Diabetes duration of >10 years in the group consisting of prior insulin users is consistent with the need for a more complex insulin regimen, given the progressive nature of islet beta-cell dysfunction in type 2 diabetes [20] x R. Turner, C. Cull, R. Holman. United Kingdom Prospective Diabetes Study 17: a 9-year update of a randomized, controlled trial on the effect of improved metabolic control on complications in non-insulin-dependent diabetes mellitus. Ann Intern Med. 1996;124:136-145 ; however, what is more unusual is the insulin-naïve sub-group treated with a prandial plus basal insulin regimen ahead of multiple OGLD therapy or a simpler insulin regimen. This might have occurred if the patient had an acute need at the time insulin was started (such as an in-patient), or if the extent of blood glucose deterioration was judged to be marked by the physician who saw the patient for the first time. Treatment guidelines do suggest that if a person with type 2 diabetes presents with HbA1c > 10.0% (86 mmol/mol), then insulin should be recommended early on, but our patient group was >7 years from diagnosis [3] x S.E. Inzucchi, R.M. Bergenstal, J.B. Buse, M. Diamant, E. Ferrannini, M. Nauck, et al. American Diabetes Association (ADA); European Association for the Study of Diabetes (EASD). Management of hyperglycemia in type 2 diabetes: a patient-centered approach: position statement of the American Diabetes Association (ADA) and the European Association for the Study of Diabetes (EASD). Diabetes Care. 2012;35:1364-1379 . Considering patients’ relatively low BMI and SBP levels it is possible that latent autoimmune diabetes of adulthood (LADA) was the case here, but given the number of participants that were recruited in a short period of time this seems unlikely to account for many. It is more likely that our population included a large numbers of Asians, for whom some greater degree of islet beta-cell function, and thus insulin deficiency, is believed to be significant in the pathogenesis of hyperglycaemia.

There are few RCTs in people with type 2 diabetes that compare the use of insulin aspart with human insulin, both combined with a basal insulin [21] and [22] x R.G. Bretzel, S. Arnolds, J. Medding, T. Linn. A direct efficacy and safety comparison of insulin aspart, human soluble insulin, and human premix insulin (70/30) in patients with type 2 diabetes. Diabetes Care. 2004;27:1023-1027 x A. Gallagher, P.D. Home. The effect of improved post-prandial blood glucose control on post-prandial metabolism and markers of vascular risk in people with Type 2 diabetes. Diabetes Res Clin Pract. 2005;67:196-203 . Treatment with insulin aspart ± NPH insulin in a 3-month RCT of 231 people with type 2 diabetes resulted in a mean (SD) HbA1c reduction of 0.91 (1.00) % compared with a 0.73 (0.87) % reduction in participants treated with human insulin ± NPH insulin (p = 0.025) [21] x R.G. Bretzel, S. Arnolds, J. Medding, T. Linn. A direct efficacy and safety comparison of insulin aspart, human soluble insulin, and human premix insulin (70/30) in patients with type 2 diabetes. Diabetes Care. 2004;27:1023-1027 . PPPG levels were also improved to a greater extent with insulin aspart compared with human insulin. Mean pre-meal-time doses were similar for the two insulins (10–13 U for insulin aspart and 10–14.5 IU for human insulin) and there was no statistical difference between the groups in hypoglycaemia. Improved PPPG control with insulin aspart vs. human insulin both with NPH insulin was also seen in a 12-week crossover study of 21 people with type 2 diabetes [22] x A. Gallagher, P.D. Home. The effect of improved post-prandial blood glucose control on post-prandial metabolism and markers of vascular risk in people with Type 2 diabetes. Diabetes Res Clin Pract. 2005;67:196-203 , although there was no difference in HbA1c between the two insulins. The 4-T Study – a 3-year RCT in 708 insulin-naïve people with type 2 diabetes – did investigate the addition of insulin aspart to insulin detemir: mean HbA1c after 3 years was 6.9% (mean reduction of 1.2% from baseline), with a median rate of hypoglycaemia of 1.7 events/patient/year [9] x R.R. Holman, A.J. Farmer, M.J. Davies, J.C. Levy, J.L. Darbyshire, J.F. Keenan, et al. 4-T Study Group. Three-year efficacy of complex insulin regimens in type 2 diabetes. N Engl J Med. 2009;361:1736-1747 . To our knowledge, this sub-group analysis is the only available data examining beginning insulin aspart with a basal insulin in routine clinical practice.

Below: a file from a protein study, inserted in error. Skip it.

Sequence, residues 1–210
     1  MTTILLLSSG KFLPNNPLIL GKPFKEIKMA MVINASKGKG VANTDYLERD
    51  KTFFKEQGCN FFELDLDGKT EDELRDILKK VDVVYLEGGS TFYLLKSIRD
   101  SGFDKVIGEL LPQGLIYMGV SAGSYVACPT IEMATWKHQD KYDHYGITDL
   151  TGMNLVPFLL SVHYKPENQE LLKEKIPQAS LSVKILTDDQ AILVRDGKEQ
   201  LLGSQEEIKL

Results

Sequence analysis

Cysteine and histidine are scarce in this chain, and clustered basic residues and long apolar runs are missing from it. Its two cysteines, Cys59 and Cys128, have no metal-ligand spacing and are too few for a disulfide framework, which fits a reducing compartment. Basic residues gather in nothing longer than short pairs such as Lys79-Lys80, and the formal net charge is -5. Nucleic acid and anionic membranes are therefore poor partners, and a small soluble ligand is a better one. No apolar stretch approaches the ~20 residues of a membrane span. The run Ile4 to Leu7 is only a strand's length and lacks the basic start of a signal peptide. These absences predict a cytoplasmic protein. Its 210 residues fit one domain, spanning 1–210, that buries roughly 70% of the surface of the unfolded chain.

The large amount of data generated by the A1chieve study has enabled the investigation of therapy and prior regimen in our sub-groups, but there are limitations to consider when interpreting these findings. Because the study was not randomised, concomitant medications, patient education and dietary behaviours may all have changed in concert with use of the new insulin; indeed (see above), it seems likely that this occurred. There may also have been a study effect, even though the data were collected in routine clinical practice without pre-defined visits or protocol driven care. Confounding could have occurred through regional differences skewing the results, and limiting overall generalizability of the findings; however, given the extent of the changes and indeed the very limited changes for body weight and hypoglycaemia, it does not seem likely that changes in one or two global continents could account for the changes in the whole population reported here. Unfortunately, even with the number of participants in A1chieve, once selection is performed for insulin then broken down into four subgroups, as here, further segmentation by global region or country results in numbers too small to be analytically reliable, and so was not attempted.